Sunday, April 21, 2013

Makai Queen by Tara Fairfield

Title: Makai Queen
Author: Tara Fairfield
Format: Paperback, 207 pages
Pub. Date: February 7th 2013
Source: Diane Estrella's blog


Three indifferent stars.

Tessa is a girl who doesn't really have a proper place on Earth anymore, in a life changed after her parents' death. Contemplating her life and what's happened in it while walking along the beaches of Lanai, she is kidnapped by a man she had intended to save from drowning. He drags her into a new world, Moku-ola, a place beneath the sea that serves to protect all of the ocean's creatures. But life under the sea is torn as brothers feud, and when Tessa is called upon to be the new queen, she must decide if she wants the life the Creator has chosen for her, and who she wants to be.


First, and I cannot stress this enough: I am not the intended demographic for this book. I did not realize that this book was Christian fiction when I picked it up. That is my fault, and I'm not going to rip this book to pieces because I don't follow the same spiritual path. That being said, this review is going to be very short and to the point.

+The scenery/setting of this book is beautiful. I want to be on these beaches or under the waves, looking at all of the sea creatures and eating all of the ripe fruits that Hawaii has to offer. Tara Fairfield successfully created a world that I wouldn't mind seeing, and has made me decide that I definitely need to visit Hawaii before I die.

+The cover reflects this landscape. It's bright, aquatic, and the bright flower above the title is rather striking.

+I really like the idea of an oceanic shifter. The fact that Kupua can change forms into a seahorse, an octopus, or even a whale is a really refreshing change from bats, werewolves and cats that have been trending lately, especially in young adult literature.

+- I really liked the integration of Hawaiian language in this book. There's even a Pidgen glossary in the back. However, I would have liked a glossary for the italicized words too. If you're going to stress that they're non-English, than they should be elaborated by more than context clues.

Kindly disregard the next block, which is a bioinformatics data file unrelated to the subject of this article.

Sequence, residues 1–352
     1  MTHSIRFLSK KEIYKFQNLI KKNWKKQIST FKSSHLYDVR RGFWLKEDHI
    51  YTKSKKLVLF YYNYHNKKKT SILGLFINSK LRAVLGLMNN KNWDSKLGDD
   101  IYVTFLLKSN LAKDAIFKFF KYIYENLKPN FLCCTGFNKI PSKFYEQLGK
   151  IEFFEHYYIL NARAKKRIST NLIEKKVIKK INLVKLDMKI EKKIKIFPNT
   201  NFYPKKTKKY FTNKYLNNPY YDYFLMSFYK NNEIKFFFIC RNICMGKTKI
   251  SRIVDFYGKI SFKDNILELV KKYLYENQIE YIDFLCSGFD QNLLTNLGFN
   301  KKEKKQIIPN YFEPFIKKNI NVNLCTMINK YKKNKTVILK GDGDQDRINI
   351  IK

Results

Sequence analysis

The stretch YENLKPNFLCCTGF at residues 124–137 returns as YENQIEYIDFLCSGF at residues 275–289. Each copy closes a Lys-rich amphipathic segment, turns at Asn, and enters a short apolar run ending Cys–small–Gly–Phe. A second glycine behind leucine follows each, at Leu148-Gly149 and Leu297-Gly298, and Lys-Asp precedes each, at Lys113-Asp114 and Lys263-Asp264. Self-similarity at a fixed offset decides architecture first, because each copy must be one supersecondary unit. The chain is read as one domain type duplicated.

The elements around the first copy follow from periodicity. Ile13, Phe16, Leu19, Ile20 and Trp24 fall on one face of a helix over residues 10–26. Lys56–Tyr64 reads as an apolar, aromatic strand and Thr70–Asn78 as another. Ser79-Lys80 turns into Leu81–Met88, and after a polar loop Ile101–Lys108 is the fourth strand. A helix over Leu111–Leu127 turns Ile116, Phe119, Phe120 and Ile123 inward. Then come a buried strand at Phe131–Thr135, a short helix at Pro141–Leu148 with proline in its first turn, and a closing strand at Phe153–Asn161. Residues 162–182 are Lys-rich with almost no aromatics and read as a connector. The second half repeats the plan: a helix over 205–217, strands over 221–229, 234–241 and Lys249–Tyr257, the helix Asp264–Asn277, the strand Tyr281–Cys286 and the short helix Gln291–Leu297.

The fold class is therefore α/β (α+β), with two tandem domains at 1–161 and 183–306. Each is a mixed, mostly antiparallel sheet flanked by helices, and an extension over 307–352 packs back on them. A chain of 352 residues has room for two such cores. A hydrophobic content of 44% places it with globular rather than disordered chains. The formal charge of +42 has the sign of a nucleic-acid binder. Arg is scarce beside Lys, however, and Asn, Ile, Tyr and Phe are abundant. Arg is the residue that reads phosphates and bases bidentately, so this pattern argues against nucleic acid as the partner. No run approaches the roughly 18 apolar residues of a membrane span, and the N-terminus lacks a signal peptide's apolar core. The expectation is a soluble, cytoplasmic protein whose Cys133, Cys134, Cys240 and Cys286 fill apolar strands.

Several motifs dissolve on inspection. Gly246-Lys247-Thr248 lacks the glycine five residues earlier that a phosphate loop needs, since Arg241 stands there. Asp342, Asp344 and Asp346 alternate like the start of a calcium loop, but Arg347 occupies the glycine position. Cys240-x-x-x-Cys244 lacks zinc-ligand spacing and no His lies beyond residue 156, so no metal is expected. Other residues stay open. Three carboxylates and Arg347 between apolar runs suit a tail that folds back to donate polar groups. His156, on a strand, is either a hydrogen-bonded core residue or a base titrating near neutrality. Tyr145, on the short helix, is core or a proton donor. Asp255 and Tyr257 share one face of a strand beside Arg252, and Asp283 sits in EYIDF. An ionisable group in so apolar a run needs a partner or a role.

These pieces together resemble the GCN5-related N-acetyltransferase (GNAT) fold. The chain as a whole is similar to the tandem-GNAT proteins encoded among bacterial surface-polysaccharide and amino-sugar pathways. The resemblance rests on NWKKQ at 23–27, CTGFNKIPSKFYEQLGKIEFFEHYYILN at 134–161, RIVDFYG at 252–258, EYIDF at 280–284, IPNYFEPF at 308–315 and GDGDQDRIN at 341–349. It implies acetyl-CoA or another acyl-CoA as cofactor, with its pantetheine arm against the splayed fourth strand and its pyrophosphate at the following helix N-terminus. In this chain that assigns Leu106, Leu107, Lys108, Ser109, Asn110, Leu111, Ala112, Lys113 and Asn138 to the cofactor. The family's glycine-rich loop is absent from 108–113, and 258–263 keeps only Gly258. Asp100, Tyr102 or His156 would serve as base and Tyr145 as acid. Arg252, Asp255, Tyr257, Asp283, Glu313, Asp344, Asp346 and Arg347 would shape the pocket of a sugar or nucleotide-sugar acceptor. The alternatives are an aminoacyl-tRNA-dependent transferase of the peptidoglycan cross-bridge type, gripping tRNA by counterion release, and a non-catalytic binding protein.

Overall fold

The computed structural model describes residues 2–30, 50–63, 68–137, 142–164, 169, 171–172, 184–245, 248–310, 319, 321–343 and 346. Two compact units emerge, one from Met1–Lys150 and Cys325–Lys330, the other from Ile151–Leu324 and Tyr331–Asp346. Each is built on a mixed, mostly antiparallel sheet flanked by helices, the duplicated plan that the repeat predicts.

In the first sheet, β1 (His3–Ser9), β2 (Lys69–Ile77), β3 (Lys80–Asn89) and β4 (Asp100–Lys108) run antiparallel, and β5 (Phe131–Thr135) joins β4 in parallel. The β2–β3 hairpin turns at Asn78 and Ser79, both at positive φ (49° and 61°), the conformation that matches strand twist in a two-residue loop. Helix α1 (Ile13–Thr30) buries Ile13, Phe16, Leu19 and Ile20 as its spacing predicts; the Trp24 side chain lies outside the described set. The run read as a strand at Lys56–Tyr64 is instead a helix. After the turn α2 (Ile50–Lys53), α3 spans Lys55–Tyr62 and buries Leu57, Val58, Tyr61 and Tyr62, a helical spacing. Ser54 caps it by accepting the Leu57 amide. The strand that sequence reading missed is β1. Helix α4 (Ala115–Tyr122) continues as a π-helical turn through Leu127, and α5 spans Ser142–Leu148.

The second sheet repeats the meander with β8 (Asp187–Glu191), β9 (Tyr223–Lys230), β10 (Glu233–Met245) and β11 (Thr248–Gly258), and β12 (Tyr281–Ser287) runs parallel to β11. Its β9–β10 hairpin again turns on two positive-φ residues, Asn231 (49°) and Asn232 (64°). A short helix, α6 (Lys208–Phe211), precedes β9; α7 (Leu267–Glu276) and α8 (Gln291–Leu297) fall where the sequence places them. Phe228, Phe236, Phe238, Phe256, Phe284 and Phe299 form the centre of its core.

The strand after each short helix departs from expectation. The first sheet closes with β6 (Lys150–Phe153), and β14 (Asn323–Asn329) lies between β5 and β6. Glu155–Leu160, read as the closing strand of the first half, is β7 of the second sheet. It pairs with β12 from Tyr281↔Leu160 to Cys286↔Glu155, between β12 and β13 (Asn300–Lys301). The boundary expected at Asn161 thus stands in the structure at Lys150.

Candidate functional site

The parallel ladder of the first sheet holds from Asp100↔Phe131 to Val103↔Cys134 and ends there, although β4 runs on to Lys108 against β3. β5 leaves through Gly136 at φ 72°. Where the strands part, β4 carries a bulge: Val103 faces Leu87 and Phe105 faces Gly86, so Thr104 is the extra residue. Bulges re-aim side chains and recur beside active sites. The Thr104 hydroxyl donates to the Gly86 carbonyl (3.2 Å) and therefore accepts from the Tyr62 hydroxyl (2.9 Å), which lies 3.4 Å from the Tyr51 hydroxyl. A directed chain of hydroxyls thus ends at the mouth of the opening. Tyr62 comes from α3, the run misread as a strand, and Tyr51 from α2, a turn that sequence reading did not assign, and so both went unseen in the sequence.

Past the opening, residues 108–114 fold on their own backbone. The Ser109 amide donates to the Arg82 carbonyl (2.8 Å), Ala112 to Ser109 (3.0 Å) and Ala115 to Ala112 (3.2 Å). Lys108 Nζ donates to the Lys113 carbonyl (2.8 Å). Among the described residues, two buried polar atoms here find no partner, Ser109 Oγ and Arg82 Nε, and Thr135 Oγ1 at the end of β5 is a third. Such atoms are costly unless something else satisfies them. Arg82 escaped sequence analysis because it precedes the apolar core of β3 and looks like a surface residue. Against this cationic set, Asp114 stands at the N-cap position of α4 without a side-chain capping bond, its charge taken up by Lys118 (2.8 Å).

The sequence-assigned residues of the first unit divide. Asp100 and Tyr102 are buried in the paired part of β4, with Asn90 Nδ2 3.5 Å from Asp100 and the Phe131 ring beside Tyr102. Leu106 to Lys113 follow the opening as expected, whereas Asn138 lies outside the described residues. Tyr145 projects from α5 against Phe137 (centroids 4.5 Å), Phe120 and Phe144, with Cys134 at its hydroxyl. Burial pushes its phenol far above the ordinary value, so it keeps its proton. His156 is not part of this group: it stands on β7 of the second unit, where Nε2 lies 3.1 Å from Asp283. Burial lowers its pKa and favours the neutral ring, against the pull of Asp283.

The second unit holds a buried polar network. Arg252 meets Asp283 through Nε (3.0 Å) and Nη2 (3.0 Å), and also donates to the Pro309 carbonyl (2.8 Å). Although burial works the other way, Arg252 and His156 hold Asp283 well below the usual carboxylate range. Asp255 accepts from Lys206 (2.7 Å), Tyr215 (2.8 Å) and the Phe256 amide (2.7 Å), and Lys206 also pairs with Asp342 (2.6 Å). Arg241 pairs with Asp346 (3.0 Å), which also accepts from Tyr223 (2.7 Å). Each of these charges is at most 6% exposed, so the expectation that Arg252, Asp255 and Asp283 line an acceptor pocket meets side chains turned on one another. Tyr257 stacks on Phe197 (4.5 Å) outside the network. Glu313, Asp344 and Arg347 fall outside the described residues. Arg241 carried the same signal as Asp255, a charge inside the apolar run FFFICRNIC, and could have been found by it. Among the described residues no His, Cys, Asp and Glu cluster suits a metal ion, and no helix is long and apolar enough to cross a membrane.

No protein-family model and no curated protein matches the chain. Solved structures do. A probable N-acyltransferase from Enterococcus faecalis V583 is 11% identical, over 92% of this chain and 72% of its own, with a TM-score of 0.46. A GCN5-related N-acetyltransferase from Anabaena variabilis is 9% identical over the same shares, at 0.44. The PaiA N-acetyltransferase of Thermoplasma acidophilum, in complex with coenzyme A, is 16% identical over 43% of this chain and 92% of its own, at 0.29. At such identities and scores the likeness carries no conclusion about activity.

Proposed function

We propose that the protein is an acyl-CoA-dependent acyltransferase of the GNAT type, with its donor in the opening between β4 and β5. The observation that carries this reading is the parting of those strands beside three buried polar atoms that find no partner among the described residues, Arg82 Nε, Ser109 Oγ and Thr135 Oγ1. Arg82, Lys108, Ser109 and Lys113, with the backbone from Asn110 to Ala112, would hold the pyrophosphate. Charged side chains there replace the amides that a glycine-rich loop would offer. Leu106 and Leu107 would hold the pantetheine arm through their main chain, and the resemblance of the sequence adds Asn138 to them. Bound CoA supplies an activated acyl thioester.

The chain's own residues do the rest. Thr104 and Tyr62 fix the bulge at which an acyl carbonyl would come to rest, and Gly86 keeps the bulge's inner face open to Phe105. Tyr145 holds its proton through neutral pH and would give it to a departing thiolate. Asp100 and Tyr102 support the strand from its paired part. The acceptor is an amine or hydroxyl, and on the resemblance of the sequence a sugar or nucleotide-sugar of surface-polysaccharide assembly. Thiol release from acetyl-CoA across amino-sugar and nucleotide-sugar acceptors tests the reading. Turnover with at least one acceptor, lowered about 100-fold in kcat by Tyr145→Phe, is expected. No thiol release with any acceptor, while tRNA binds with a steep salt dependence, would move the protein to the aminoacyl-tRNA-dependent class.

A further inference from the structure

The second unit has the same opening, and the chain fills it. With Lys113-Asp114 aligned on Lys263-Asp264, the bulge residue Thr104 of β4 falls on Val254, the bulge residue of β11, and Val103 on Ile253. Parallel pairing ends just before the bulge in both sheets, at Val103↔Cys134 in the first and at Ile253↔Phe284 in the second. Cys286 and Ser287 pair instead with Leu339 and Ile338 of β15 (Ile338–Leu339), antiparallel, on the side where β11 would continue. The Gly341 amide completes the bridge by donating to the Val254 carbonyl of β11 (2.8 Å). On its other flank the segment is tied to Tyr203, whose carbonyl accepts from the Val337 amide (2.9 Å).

-Instant connection/love. It doesn't matter what genre or age bracket, nine times out of ten it will make me have a disconnect from the story line. This novel is one of those nine.

-I found the sentences to be a bit short and choppy, making the narrative hard to get into. Similarly, I had issues with the pacing. I don't know if it's supposed to be the draw of the Creator/God figure that inspires this, but Tessa comes to terms with this new world awful quickly. She doesn't put up much of a fight, and she admits to being weak and unworthy. Now I know that this humility is good and such, but I just found her kind of whiny, and I didn't really care if she found her place.

At the end of the day, it's simple: Other people will enjoy this more than I did. This book is an adequately written piece of fantasy with strong Christian themes. It's clean with romance, adventure, and really cool "gifts" from the Creator like shifting or communicating with animals. It also includes a few discussion/book club questions at the end. I strongly recommend this to Christian young adults. If you, like me, roll your eyes at Christian fiction, pass it up.

Thank you to both Tara Fairfield and Diane Estrella for my autographed copy.


  1. Great review, Pigeon! I'll take a pass on this book if I come across it, but it sounds like a good gift idea :)

  2. It'd be a good "by the pool" read too, I think.

  3. That was probably one of the most honest, thoughtful, and well thought out book review I have read in a long time. Excellent!